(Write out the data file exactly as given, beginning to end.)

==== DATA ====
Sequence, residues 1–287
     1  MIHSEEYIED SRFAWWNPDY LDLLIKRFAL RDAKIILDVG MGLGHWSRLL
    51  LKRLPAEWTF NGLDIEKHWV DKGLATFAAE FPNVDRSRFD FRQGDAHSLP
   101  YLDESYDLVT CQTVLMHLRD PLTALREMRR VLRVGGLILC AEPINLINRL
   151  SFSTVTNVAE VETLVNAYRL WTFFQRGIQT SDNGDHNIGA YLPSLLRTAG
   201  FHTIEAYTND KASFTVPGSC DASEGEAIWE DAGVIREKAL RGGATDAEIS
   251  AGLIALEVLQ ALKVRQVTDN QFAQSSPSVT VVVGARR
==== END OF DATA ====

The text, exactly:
Sequence, residues 1–287
     1  MIHSEEYIED SRFAWWNPDY LDLLIKRFAL RDAKIILDVG MGLGHWSRLL
    51  LKRLPAEWTF NGLDIEKHWV DKGLATFAAE FPNVDRSRFD FRQGDAHSLP
   101  YLDESYDLVT CQTVLMHLRD PLTALREMRR VLRVGGLILC AEPINLINRL
   151  SFSTVTNVAE VETLVNAYRL WTFFQRGIQT SDNGDHNIGA YLPSLLRTAG
   201  FHTIEAYTND KASFTVPGSC DASEGEAIWE DAGVIREKAL RGGATDAEIS
   251  AGLIALEVLQ ALKVRQVTDN QFAQSSPSVT VVVGARR